• Querying

Writing Queries

This guide helps you get up to speed with writing queries. Rockset has fully-featured SQL support, including aggregations, filtering, windowing, and joins. See the SQL Reference for a comprehensive list. If you've used a SQL database like Postgres before, you should feel at home writing queries with Rockset.

Rockset has several distinct features that we cover in this guide.

Fixed schemas are not required

Rockset ingests your data without the need for a pre-built schema. Whereas every row in a MySQL or Postgres table has the same set of fields with a predefined type for each field, you can think of each Rockset document as a JSON dictionary with its own fields and values. In this sense, Rockset is dynamically typed, while traditional databases are statically typed.

Individual fields in documents are strongly typed: each value for a given field in a given document has one specific type and values of incompatible types don't automatically convert to each other. This means that you still have the same SQL query semantics as in traditional databases. If you were to query for all documents where field x equals the number 10, for example, documents without that field or documents where x was equal to the string '10' would not be returned. (One other note with strong typing: queries would also throw a runtime error if you tried to evaluate an expression by passing in arguments with incompatible types: adding a datetime and a string, for example.)

More about DESCRIBE

DESCRIBE "collection" allows you to see what types exist in a Rockset collection or field. The difference from a traditional database is that we infer the schema at read time by looking over the contents of your Rockset collection to derive the current shape of your data.

The output of DESCRIBE has the following fields:

  • field: Every distinct field name in the collection.
  • type: The data type of the field.
  • occurrences: The number of documents that have this field in the given type.
  • total: Total number of documents in the collection for top level fields, and total number of documents that have the parent field for nested fields.

See the DESCRIBE documentation for examples of DESCRIBE for different data distributions.

Querying Nested Data

Rockset makes it much easier than usual to query highly-nested data:

  • To query arrays, use square bracket notation ([]). For example, SELECT a[1] selects the first entry in the array field a.
  • To query objects, use dot notation (.). For example, SELECT a.b selects the value of the key b in the object field a.

In any nested field path, Rockset assumes the first token is the collection name, and will return an error if missing. So for example, to access field a.b in collection, refer to the field as in the query.

One other special command that's very useful when working with arrays is UNNEST. UNNEST treats each entry in an array value as a separate row. Or, more formally, UNNEST is a row-generating function that takes an array as input and outputs one row per element of the input array. It's different than other functions in that it outputs multiple rows (a relation) rather than one value (a scalar). That means it's used in queries in the same places a collection appears: a FROM or JOIN clause.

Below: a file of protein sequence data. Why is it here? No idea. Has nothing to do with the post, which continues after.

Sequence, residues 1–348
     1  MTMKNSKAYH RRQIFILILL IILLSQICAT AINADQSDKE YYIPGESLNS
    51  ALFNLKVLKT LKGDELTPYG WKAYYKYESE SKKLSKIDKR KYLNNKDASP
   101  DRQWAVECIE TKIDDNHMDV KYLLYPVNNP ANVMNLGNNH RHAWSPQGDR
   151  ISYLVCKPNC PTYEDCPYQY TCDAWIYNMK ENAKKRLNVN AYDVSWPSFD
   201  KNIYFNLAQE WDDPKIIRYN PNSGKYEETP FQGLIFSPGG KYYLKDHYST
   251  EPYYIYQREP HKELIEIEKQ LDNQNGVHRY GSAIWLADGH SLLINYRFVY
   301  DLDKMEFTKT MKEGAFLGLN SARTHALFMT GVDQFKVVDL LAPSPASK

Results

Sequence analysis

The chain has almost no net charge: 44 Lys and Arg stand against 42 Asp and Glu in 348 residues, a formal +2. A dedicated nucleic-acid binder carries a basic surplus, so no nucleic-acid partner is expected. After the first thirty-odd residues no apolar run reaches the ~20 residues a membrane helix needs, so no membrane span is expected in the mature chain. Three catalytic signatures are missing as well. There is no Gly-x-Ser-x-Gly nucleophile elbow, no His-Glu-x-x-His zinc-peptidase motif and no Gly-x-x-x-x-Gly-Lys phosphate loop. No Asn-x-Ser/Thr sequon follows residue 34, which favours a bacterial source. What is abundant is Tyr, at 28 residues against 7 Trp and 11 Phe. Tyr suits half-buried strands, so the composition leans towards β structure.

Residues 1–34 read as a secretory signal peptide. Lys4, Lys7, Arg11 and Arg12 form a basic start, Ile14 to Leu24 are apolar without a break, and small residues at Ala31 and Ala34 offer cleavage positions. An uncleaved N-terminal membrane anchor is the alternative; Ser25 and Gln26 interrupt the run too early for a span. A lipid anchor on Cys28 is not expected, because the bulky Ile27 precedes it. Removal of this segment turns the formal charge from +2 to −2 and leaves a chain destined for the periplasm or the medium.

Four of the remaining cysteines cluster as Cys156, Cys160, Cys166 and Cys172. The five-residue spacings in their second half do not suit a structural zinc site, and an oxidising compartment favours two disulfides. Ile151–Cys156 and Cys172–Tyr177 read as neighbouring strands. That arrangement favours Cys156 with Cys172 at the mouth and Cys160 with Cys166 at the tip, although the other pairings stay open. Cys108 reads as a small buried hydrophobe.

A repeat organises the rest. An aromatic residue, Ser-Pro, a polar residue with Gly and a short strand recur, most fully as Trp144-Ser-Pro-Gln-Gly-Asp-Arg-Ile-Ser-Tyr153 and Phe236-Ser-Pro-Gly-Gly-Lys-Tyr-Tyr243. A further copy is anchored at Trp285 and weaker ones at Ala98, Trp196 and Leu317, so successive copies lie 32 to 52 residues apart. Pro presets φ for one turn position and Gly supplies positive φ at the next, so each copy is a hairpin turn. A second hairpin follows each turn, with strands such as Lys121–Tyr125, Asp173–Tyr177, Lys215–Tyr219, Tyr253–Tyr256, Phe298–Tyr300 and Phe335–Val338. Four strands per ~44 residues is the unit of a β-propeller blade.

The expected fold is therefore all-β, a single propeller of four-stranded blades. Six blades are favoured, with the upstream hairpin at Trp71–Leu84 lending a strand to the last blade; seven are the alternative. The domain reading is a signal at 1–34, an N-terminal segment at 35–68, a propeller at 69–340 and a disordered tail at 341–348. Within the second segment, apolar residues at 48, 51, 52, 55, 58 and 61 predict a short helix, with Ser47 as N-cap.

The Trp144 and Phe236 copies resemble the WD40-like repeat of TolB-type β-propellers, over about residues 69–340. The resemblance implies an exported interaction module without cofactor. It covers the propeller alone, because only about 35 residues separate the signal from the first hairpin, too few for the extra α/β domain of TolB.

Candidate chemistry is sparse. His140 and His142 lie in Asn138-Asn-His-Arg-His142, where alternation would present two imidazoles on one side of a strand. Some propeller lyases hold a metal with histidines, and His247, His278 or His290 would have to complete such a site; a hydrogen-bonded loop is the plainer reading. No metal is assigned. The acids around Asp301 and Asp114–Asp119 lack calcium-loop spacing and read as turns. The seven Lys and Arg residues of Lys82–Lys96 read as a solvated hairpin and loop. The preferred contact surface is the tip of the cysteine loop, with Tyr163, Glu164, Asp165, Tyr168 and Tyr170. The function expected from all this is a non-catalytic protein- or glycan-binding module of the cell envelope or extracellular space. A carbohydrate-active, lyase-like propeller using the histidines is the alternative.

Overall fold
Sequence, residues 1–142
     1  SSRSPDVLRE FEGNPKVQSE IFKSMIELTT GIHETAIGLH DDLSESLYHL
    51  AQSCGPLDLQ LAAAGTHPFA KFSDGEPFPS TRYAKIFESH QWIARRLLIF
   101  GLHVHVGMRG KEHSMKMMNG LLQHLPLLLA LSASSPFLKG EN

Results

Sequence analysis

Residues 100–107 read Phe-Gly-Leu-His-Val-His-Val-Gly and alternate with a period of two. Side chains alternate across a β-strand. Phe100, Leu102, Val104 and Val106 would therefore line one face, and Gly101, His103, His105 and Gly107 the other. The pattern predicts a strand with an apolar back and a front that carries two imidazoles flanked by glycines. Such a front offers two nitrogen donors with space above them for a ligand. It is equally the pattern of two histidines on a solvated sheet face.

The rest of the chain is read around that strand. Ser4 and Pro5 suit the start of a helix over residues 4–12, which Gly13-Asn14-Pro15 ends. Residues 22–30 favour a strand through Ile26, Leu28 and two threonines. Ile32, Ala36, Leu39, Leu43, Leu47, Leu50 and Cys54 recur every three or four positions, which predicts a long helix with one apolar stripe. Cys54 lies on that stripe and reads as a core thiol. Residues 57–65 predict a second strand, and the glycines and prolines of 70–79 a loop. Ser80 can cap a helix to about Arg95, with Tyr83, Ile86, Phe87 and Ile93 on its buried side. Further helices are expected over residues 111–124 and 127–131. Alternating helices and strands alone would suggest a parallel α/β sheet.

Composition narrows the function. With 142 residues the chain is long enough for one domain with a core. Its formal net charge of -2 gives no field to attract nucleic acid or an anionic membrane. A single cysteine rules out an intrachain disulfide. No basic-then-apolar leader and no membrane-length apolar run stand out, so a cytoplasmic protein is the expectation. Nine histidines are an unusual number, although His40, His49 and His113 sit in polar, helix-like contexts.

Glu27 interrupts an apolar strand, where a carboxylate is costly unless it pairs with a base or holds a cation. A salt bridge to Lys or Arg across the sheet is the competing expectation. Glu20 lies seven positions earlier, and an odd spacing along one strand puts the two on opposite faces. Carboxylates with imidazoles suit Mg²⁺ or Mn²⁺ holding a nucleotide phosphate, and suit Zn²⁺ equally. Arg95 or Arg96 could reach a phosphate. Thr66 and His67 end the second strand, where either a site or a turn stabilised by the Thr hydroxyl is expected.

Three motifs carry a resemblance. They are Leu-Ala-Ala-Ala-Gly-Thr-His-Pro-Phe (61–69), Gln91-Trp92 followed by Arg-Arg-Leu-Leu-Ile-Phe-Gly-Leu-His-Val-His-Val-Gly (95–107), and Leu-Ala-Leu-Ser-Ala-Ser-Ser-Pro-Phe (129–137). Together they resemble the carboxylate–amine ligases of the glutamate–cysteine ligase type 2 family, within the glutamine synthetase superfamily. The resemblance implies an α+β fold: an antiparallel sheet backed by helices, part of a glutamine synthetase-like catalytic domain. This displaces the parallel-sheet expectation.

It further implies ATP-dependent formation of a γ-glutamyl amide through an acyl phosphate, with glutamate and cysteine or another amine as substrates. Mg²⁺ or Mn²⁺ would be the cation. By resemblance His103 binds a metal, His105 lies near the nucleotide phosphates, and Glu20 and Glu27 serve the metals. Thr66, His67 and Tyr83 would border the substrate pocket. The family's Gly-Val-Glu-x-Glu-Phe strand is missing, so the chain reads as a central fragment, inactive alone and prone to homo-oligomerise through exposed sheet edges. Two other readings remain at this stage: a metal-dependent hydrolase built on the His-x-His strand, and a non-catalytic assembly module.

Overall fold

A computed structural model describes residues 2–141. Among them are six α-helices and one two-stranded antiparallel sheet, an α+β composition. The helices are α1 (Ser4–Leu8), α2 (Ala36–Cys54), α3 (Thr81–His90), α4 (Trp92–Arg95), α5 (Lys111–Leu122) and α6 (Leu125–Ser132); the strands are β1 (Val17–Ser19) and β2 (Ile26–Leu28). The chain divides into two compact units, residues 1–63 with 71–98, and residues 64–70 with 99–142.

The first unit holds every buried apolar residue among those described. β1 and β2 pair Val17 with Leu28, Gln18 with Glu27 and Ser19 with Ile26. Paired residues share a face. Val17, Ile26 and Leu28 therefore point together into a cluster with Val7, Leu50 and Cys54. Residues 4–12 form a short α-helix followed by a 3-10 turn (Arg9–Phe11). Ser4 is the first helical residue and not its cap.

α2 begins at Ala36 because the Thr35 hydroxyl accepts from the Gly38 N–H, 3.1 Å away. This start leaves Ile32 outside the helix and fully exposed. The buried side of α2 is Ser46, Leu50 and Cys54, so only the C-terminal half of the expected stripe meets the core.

Refer to our UNNEST documentation for more details.


    UNNEST(array ['Alice', 'Bob'] AS name)
| name    |
| Alice   |
| Bob     |

More Advice

  • Remembering which quotes to use is always confusing if you don't write SQL regularly. Single quotes are used for strings, and double quotes are used for field and collection names. A useful mnemonic is: "Single quotes are for Strings, Double quotes are for Database identifiers"

  • If you're writing a complex query, the WITH statement can be very useful in breaking it down into something more readable and modular.

WITH recent_users AS (
critical_app_events AS (
    LEFT JOIN critical_app_events...
  • When certain characters, such as -, are part of collection org field names the entire name must always be wrapped in double quotes. For example, SELECT id, age, "full-name" from "people-list"

  • Rockset is strongly typed, and will evaluate to false if you attempt to compare values of different types (the way the string '10' would not equal the integer 10 in many programming languages). Depending on your goal, you could write a query that casts everything to the same type: SELECT field FROM c where cast(field as int) = 10, or one that only fetches rows that match a specific type SELECT field FROM c WHERE field = '10'

    You can inspect what types exist in a collection or field in the collection's console page or with a call to DESCRIBE "collection".

  • As mentioned above, in any nested field path, Rockset assumes the first token is the collection name. To access field a.b in collection, refer to the field as in the query.

  • SQL has two different syntaxes for joining tables: an implicit syntax that just uses the FROM clause FROM table, table2, and an explicit syntax of the form FROM table JOIN table2 ON .... Either works, but try not to mix them both in the same query (it will work, but error messages will be confusing.)

  • There is a full list of SQL commands and functions in the SQL Reference